The lack of state structures is also particularly noticeable with regard to the future prospects of Mali’s fast-growing population. High unemployment, rising food prices, an inadequate education system – this is clearly an ideal breeding ground for economic, political and religiously motivated conflicts, with corresponding implications for the security situation. The massive military efforts and expenditure on the part of the international community have so far failed to bring any sustained improvement to the security situation in Mali. Although the country elected a new president, Ibrahim B. Keita, following the international military intervention in 2013, the north of the country remained unstable. Islamists continued to attack, while the Tuareg minority was subjected to retaliatory action. At the end of 2013, the Tuareg ended the ceasefire with Mali’s central government. After the rebels had recaptured many cities on the borders with Algeria and Niger at the end of May 2014, a new peace agreement was negotiated in March 2015; not all parties involved signed it, however. Extremist groups in the north are still committing violent acts today. The situation remains tense and has deteriorated in some areas over recent years, which is a key reason why the international community has extended and expanded its military engagement.
Mali’s internal economic and political problems should not be underestimated as contributing factors to the security crisis. Mali is one of the world’s poorest countries. Agriculture is effectively its only economic sector, despite the fact that only a small part of the land can be cultivated. According to a government study published at the end of 2017, 4.1 million Malians will be affected by food insecurity by mid-2018. Around 800,000 people, mainly in northern and central Mali, are in need of humanitarian aid. Focusing the international debate on the security sector, that is to say the threat posed by terrorism and rebel groups from the north, has pushed the domestic, home-grown dimensions of the situation in Mali into the background, as Africa expert Denis Tull of the Stiftung Wissenschaft und Politik (SWP) notes in his analysis. He sees the “logic of the evacuation of endogenous political factors” as an attempt by the Malian government to ignore social and political factors in the Mali crisis and in this way negate its own responsibilities.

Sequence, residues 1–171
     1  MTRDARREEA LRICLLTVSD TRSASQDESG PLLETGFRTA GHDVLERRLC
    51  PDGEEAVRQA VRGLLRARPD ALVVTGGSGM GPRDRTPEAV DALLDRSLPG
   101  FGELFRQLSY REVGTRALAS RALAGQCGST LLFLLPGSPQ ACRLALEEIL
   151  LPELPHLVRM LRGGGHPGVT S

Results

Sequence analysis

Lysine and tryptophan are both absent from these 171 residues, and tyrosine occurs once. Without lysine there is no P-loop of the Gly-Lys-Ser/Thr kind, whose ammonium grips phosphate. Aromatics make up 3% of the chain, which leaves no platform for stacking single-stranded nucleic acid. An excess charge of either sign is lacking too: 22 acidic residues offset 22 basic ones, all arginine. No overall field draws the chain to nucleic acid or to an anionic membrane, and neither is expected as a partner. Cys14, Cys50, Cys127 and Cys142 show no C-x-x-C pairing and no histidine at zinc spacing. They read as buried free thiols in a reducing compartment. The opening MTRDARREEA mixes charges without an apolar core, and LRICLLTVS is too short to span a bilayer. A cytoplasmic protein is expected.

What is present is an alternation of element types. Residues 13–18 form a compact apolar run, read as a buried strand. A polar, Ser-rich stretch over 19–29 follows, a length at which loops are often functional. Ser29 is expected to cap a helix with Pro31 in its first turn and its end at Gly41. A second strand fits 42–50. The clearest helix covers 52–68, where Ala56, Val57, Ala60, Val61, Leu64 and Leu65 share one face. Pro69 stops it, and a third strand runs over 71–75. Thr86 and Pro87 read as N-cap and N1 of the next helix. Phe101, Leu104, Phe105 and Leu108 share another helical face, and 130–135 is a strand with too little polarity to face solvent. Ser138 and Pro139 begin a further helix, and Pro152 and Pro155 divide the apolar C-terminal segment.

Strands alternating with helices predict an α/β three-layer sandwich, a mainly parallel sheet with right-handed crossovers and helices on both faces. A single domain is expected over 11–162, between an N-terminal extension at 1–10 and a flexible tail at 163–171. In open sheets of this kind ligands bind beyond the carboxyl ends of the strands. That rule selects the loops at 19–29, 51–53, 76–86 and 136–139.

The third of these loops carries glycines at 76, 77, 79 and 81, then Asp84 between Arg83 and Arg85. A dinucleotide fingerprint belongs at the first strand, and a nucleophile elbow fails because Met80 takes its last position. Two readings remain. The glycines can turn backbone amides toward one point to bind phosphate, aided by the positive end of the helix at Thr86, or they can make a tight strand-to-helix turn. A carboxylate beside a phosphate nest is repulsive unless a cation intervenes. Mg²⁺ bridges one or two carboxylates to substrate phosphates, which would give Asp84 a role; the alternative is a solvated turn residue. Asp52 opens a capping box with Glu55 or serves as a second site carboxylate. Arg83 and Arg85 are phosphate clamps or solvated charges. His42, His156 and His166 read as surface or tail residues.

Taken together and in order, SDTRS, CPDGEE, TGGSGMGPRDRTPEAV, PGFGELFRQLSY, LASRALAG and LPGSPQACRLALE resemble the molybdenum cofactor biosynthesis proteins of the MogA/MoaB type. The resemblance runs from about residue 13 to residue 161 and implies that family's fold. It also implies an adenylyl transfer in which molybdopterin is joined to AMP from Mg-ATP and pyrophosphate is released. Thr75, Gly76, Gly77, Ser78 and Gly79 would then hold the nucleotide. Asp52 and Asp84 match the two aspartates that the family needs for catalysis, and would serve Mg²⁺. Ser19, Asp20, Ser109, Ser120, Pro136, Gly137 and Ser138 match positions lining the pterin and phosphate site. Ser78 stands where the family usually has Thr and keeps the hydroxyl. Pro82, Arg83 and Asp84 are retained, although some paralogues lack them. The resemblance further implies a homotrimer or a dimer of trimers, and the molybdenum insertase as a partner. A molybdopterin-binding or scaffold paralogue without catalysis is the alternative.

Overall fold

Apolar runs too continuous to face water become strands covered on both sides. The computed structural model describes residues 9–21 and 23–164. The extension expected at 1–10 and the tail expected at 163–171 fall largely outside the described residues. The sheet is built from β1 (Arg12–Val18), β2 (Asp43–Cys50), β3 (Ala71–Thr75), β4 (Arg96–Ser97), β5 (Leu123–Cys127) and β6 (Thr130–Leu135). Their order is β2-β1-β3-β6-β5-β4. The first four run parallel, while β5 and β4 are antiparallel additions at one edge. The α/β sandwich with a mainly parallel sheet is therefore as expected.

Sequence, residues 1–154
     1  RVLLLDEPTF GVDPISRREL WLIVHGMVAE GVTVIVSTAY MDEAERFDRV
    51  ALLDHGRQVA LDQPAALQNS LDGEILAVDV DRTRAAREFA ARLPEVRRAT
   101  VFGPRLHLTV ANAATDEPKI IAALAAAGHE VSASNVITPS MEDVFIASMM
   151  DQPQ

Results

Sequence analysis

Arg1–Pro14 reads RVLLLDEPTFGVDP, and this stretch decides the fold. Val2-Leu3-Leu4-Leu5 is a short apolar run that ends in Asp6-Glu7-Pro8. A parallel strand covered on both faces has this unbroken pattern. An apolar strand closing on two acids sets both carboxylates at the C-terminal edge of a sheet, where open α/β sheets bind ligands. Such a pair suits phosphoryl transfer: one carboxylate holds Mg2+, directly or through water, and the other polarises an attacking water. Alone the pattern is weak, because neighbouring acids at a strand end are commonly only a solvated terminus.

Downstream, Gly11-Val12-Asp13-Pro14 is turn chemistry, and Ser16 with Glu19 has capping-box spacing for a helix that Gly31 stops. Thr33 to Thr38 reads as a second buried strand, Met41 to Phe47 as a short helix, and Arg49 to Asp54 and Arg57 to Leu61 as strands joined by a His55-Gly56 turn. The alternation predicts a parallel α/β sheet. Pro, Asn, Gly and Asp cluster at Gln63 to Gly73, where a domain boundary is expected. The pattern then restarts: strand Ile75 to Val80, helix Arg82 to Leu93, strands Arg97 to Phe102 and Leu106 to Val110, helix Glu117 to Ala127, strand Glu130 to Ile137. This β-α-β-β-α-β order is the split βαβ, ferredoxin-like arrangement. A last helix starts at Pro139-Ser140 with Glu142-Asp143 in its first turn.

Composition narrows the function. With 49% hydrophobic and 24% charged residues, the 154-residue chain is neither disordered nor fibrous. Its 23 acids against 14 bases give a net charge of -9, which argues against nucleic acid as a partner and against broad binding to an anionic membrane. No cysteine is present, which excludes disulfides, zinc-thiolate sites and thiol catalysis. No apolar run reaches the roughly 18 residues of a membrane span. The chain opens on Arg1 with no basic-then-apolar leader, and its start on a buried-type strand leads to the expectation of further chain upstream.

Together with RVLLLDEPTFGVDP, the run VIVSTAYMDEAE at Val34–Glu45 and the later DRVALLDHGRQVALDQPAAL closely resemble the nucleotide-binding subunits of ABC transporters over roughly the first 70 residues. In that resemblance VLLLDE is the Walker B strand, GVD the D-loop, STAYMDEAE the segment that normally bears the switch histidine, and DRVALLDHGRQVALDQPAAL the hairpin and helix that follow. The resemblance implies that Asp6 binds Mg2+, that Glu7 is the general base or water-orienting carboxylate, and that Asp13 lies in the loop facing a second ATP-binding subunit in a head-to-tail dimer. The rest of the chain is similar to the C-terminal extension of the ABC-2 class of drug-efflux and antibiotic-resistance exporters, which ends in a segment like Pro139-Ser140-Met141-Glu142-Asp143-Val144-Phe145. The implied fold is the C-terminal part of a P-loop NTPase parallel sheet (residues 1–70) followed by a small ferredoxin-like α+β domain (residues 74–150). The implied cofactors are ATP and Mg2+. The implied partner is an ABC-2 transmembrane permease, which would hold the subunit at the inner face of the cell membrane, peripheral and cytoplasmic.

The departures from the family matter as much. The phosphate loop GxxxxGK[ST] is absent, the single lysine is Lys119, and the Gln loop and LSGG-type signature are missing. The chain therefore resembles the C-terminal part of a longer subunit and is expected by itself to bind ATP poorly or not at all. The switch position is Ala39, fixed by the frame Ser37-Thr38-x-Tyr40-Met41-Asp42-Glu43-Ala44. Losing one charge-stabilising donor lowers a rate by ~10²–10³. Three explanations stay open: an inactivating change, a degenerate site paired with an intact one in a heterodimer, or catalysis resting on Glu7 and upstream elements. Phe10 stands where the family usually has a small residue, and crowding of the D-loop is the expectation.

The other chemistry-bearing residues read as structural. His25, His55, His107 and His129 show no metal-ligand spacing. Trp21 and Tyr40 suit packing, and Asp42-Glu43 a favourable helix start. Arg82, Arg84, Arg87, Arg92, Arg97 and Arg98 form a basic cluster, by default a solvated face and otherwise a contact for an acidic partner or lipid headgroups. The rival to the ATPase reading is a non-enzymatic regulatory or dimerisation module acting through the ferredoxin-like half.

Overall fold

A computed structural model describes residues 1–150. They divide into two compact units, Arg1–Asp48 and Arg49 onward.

Indeed, the generally widespread weakness of state structures is not a new phenomenon in Mali, but it is one that persists today. Like its neighbours in the Sahel region, few state structures are able to assert a monopoly on the use of force in their own territory. This means their sphere of influence becomes limited to a few provinces, and often only to the regions in the immediate vicinity of the capital and seat of government. This inevitably creates a problem of legitimacy among the population. When state institutions are unable to guarantee a minimum level of security and social services, it leaves a gap for other actors to fill. In March 2015, Annette Weber and Guido Steinberg of the SWP produced a study of jihadism in Africa, which shed light on this vicious circle of eroding structures and the rise of terrorist groups. According to this, the people of Mali lack confidence in state bodies, and indeed often perceive them as a threat. Moreover, Mali’s peripheral populations are often closer to their neighbours on the other side of the border than to their own governments – an explosive long-term consequence of arbitrarily drawn state borders during the colonial era.
Europe’s security is increasingly threatened by the consequences of developments in Africa. Particularly since the beginning of the refugee crisis in mid-2015, this long neglected fact has finally reached those who make decisions on security policy in Germany, too. The effects of civil wars and other conflicts, corruption, mismanagement and overpopulation are primarily mass refugee movements towards Europe (with Germany a favoured destination), but also the growth of Islamist terrorism, which finds fertile ground for recruiting new members in the dissatisfaction of the masses. Ungoverned regions provide havens for terrorism and organised crime. In turn, terrorism and crime are having a detrimental effect on the majority of the population’s living standards, such that people are increasingly seeking a brighter future outside their own country. This downward spiral of war and economic decline has been evident in Mali since 2012. Even then it was clear that it is in Germany’s interests to make an active contribution to the ceasefire and to restoring stability in Mali. Not only are German interests affected when it comes to avoiding mass illegal migration, which would overwhelm Germany’s overall capacity and willingness to accept foreigners; it is also a matter of drying up breeding grounds for international terrorism, securing trade routes and helping to make West Africa a region where people have a chance of living in dignity. The protection of Mali’s natural resources and people’s livelihoods is therefore also in the vital self-interests of Germany and Europe.